“He’s a mystery, like a noir art curator,” says mural expert and blogger Ed Fuentes. “He rolled into town, a man with a past.”
Lahoda grew up in Vestal, N.Y., where his mother was a nurse and his father worked for IBM. He’s been interested in art since college at Goddard, where he majored in art history and anthropology.
After college, Lahoda worked as curator at a Boston gallery and at two Las Vegas-based print publishing companies. Then, in early 2008, he launched his own print publishing company, Lahoda Fine Arts, which licenses the work of street artists and sells limited print runs online. He moved to L.A. later that year, settling in the Arts District.
In December 2009, he started LA Freewalls, in part to fight the citywide ban on new murals that had been in place since 2003. He felt the more rogue “mural bombing” that was going on in the Arts District at the time — where artists painted on the run and many business owners operated in fear of their property being defaced — wasn’t sustainable.
Instead, he sought to produce murals in a more organized fashion, with support from the community, though still operating outside city regulations.
“LA Freewalls stands against that code almost in a protest fashion” says Lahoda, who regularly attends City Council and city planning commission meetings to advocate for an ordinance that would lift the mural ban. “We’re able to pull it off because we have widespread community support. But we’re keeping it in the Arts District where people are tolerant. I wouldn’t do this in Beverly Hills.”
Warren Brand, of Culver City’s Branded Arts, finds walls for Westside artists and says of Lahoda, “I have a lot of respect for Daniel — he’s been doing it a lot longer than I have. I’m kinda the Westside street art curator, but I haven’t done any in Downtown L.A. That’s all Daniel.”
One way Lahoda acquires walls is by going door to door, educating business owners about the merits of murals. They deter graffiti, he says, because taggers aren’t likely to deface the work of artists they respect. He also points out that murals make buildings more visible and draw tenants.
Artists appreciate the public canvases; residents like the aesthetics.
Many of the walls come free and so do the artists. Lahoda handles logistics, such as contracts and equipment rentals, which most artists don’t want to bother with. He also typically pays for paint and other supplies, a cost mitigated by his sponsor, the German company Montana Spray Paint, which aims to get its cans into the hands of well-known artists.
Fairey painted the first LA Freewalls mural; works by Ron English, RETNA, identical twins How and Nosm (Raoul and Davide Perre), and the Cyrcle collective followed. Lahoda opened LALA Gallery in mid-2012 to give the project a brick-and-mortar home.
Increasingly, corporations are using street art murals to brand their aesthetic, and some turn to Lahoda to find walls or artists. He organized two murals for Red Bull earlier this year on the side of San Francisco’s Ian Ross Gallery, as part of its Ride + Style event.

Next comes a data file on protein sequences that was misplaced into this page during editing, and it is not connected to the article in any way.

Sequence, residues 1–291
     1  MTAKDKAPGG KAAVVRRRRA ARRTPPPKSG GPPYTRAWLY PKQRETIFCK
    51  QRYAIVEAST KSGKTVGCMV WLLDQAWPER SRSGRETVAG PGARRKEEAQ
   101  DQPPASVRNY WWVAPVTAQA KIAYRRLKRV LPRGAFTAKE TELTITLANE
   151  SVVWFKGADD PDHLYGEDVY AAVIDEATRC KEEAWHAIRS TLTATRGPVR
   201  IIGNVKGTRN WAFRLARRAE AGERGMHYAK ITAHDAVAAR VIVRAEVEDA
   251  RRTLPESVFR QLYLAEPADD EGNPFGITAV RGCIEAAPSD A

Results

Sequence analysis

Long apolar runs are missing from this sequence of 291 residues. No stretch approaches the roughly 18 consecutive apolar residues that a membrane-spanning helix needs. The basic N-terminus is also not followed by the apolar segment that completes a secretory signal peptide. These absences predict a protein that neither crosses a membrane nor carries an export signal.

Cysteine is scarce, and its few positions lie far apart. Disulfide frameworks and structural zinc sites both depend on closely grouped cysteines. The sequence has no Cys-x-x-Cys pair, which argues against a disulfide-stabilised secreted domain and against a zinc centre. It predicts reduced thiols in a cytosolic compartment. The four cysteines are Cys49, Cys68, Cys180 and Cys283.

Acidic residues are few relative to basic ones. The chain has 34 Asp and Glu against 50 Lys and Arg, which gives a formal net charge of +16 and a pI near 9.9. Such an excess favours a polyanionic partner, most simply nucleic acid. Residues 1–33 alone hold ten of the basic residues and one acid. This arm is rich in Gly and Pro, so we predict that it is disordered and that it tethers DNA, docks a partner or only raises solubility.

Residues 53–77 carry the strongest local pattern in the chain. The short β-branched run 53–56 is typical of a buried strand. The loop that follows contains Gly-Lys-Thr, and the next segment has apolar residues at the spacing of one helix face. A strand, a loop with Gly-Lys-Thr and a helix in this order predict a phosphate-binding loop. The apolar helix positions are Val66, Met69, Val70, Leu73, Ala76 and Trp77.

In L.A., corporate murals most often appear on walls permitted for advertising. Lahoda comes up with a production budget so that the company can cover supplies, a location fee for the building owner (anywhere from $1,000 to $25,000 and higher) and something for himself. The artists are paid separate commissions, sometimes $5,000 or even $50,000, depending on the artists’ experience and popularity.
Who owns the rights to public art and murals is an ongoing issue. One of How and Nosm’s LA Freewalls murals, a collaboration with the married Dabs Myla team, was featured in a Chevrolet commercial that aired during this year’s Grammys. The production company approached Lahoda for the rights to use the image on TV.
“He never even told us about it,” Nosm says. “I should have been compensated, not him.” (The production company eventually paid How and Nosm a licensing fee.)
“I didn’t make any money off of the rights. I only made money off of brokering the deal,” says Lahoda, who insists he gave the artists advance notice of the ad. “I was working in the interest of How and Nosm.”
On another day, at another RISK mural, a wall roughly 6,000 square feet drips with purple and aqua paint. It’s part of the artist’s “Beautifully Destroyed” series, with counterparts in Miami, New York and London.
Across the street, Lahoda waits in line at a bustling coffee shop. His mirrored sunglasses and worn baseball cap are speckled with paint. He adjusts the collar of his gray sports jacket, a designer item that, more than anything, sums up his polarization of character.
“This jacket, it’s reversible” Lahoda says, slipping it off, turning it inside out and repositioning the buttons before putting it back on. What was once sporty-looking is now slick and corporate. The quick transformation leaves him beaming. “I’m such a Gemini.”
A helicopter roars overhead as RISK sprays geometric stencils onto the wall; a homeless woman pushes a rattling cart. The mural, now bathed in a luminescent, bluish haze, lends a distinctly playful vibe to the block.
RISK says he doesn’t engage in business transactions with Lahoda — he sells his work through Corey Helford Gallery — but he’s happy to paint Lahoda’s walls for free.
“It’s crazy that we have a city so rich in cultural art and murals and no one’s painting because they’re scared of the city,” RISK says. “Daniel’s ignoring the obstacles, he’s doing it, and he’s taking a lot of heat for it. He’s rejuvenating the Arts District. As long as he provides walls, I’m gonna paint them.”
“These murals,” adds Lahoda, “they define us, they define the neighborhood.”
And what defines Lahoda?
“I’d like to think I defy characterization, and that’s what keeps me relevant,” he says. “At the end of the day, I’m just someone who’s passionate about the art.”